12. #12 bwv
    February 16, 2008

    I would agree. Once one understands that there is a selection bias in the publication of research I do not know what additional value a Bayesian estimate of the liklihood that it is a false positive would add as it relies on a subjective estimate of the selection bias which would only serve to add a veneer of a calculation to what is a subjective judgement. At the end of the day, multiple studies and a good theoretical model is what overcomes this problem, not Bayes theorem

  13. #13 Ian Musgrave
    February 18, 2008

    Orac points to

    Why most published research findings are false

    This in turn points to Why Most Published Research Findings Are False, John P. A. Ioannidis, PLoS Med. 2005 August; 2(8): e124.

    To which I say “Bah! Humbug!. The real title of this paper should have been “Why most microarray studies of gene involvement with disease are probably artefact, and why simplistic extrapolations of epidemiological studies are likely to come a cropper”. Last time I looked, epidemiology plus microarray studies did not constitute the majority of medical (or biomedical) research. So, to start off with, the title is false.

    Even if we relabel the title to cover the fields actually mentioned, are most of them actually false? Let’s look at the epidemiology. Ioannidis states

    Refutation and controversy is seen across the range of research designs, from clinical trials and traditional epidemiological studies [1-3]

    Lets look at one of the papers cited [2, Lawlor DA et al., Those confounded vitamins: What can we learn from the differences between observational versus randomised trial evidence? Lancet. 2004;363:1724-1727]. This paper summarises the fact that there are several epidemiological studies that show an association between heart disease and antioxidant vitamin levels. However, all intervention studies that have tried to reduce heart disease by increasing vitamin levels have had no effect (or even produced adverse outcomes; a similar effect has been seen with cancer prevention studies). However, is the issue here one of hypothesis testing, and the clinical study false because it failed to take into account priors? Or is the mismatch telling us something valuable?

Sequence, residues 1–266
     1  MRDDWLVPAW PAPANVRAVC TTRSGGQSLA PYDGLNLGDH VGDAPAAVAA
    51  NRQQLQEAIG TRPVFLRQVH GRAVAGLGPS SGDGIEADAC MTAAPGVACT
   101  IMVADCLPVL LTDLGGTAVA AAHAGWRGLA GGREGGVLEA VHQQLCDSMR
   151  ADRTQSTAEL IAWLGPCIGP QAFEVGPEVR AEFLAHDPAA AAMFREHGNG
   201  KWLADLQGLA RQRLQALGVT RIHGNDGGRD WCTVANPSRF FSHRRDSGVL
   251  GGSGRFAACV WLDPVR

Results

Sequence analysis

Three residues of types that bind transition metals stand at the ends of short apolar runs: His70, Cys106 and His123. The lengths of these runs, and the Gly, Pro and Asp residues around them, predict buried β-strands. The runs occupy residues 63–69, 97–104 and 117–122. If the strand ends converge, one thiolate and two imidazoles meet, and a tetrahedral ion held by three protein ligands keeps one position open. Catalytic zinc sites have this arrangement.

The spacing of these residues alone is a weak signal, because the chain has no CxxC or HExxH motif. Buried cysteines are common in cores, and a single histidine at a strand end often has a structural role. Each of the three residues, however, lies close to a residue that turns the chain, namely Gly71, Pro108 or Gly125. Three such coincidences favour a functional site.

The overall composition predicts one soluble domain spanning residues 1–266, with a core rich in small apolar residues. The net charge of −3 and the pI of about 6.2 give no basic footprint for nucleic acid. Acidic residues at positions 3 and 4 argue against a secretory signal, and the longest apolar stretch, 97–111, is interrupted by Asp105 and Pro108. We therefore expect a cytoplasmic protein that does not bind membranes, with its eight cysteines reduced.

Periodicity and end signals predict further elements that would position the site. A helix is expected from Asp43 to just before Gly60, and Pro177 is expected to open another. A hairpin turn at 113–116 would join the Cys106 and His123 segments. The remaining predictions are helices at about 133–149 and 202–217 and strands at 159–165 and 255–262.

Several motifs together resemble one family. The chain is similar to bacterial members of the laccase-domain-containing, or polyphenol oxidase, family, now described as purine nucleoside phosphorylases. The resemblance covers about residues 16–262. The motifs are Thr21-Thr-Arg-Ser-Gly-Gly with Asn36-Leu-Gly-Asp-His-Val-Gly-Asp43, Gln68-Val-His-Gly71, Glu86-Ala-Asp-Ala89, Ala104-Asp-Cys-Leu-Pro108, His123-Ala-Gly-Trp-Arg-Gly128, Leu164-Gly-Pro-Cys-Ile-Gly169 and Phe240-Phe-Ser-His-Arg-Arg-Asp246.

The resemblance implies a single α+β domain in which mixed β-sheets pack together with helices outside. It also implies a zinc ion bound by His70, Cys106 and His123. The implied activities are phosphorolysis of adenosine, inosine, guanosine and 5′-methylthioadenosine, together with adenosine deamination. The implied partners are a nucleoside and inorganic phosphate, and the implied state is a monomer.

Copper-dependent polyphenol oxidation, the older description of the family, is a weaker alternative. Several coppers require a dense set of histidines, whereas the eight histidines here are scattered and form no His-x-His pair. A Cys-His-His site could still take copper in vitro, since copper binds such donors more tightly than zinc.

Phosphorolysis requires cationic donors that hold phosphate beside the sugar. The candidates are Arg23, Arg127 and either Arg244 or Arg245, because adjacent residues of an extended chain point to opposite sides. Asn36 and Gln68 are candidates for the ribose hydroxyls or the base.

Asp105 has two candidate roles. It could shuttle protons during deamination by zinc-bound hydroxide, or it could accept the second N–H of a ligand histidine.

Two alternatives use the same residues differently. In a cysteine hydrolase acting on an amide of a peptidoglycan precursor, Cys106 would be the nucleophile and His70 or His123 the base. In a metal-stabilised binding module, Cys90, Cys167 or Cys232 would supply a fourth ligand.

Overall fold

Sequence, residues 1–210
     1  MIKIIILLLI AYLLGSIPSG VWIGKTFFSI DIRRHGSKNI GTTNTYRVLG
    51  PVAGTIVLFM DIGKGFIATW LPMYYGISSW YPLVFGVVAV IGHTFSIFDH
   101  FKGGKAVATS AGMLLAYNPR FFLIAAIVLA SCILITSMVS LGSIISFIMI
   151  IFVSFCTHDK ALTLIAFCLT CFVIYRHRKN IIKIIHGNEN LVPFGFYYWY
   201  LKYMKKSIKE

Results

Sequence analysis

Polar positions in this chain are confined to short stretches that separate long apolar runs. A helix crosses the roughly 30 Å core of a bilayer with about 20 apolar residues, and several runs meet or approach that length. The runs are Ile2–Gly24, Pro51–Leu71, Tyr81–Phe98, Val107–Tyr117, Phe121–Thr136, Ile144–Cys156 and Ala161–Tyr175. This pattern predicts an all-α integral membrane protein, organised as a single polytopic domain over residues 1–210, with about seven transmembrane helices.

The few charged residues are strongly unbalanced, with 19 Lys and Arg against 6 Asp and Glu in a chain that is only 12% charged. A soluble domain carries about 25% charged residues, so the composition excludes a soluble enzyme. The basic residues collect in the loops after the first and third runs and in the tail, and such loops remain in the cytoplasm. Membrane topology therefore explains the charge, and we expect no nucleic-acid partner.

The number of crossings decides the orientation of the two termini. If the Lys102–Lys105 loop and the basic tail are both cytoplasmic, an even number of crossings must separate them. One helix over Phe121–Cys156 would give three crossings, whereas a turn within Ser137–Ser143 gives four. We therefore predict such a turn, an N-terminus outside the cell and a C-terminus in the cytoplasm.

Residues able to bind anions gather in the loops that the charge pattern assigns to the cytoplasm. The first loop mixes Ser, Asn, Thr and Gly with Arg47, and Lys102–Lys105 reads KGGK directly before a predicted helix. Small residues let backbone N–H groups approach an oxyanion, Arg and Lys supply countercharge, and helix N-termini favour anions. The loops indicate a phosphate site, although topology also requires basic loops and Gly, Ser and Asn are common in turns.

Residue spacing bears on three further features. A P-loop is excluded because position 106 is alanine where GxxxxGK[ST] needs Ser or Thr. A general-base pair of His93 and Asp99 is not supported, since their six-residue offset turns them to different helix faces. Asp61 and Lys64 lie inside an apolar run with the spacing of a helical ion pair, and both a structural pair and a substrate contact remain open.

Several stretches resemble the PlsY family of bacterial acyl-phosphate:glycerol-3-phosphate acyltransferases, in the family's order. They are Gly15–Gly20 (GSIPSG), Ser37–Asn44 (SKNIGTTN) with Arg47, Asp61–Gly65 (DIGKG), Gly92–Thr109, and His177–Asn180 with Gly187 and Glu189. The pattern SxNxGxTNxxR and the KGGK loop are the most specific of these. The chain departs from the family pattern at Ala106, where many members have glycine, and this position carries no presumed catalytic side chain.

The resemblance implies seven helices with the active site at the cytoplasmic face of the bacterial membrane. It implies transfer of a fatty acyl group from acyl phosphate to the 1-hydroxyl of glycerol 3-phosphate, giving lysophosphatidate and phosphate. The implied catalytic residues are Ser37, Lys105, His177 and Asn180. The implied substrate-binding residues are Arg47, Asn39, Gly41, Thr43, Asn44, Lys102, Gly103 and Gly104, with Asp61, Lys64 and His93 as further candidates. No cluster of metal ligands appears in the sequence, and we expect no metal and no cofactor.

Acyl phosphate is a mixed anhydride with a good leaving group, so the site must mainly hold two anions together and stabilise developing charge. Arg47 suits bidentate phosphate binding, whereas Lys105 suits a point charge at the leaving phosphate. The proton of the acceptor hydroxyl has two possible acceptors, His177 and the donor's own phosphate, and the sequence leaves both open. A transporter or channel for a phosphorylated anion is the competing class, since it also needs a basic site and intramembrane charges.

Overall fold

Consider the case of folate and cancer. Epidemiology showed that people with leukaemia had low folate levels. Folate was known to be important for health, so it was hypothesised that giving people with cancer folate supplements would increase their survival. In fact it made the patients die faster, as the folate was being used by the tumour cells. A whole class of anti-cancer therapies is based on blocking folate utilitization, based on these findings. The problem was not that one of the observations was “wrong”, and wrong Bayesian priors being used. Both studies were correct, but that the hypothesis linking low folate levels and cancer survival was wrong. This was something that would not be addressed by Bayesian priors at all.

    Let’s return to the antioxidants, the epidemiology shows that high levels of antioxidants are correlated with lower levels of cardiovascular disease. A whole host of basic science supports this (cell culture, tissues and many whole animal studies). Using Bayesian logic, as advocated by Ioannidis, we should adjust the probability of the “failing” clinical studies, some of which would become positive as a result (note this is exactly the situation stated in Oracs article about CAM, we modify the prior probability of the clinical study in the light of basic science). However, the failing studies are almost certainly telling us something important about the complex role of antioxidant status and cardiac (or any other disease). The association between antioxidant levels and cardiac disease may be an indicator of some other causative process that will not be affected by the disease; there may be a narrow “window” when intervention with antioxidants is possible, and so on.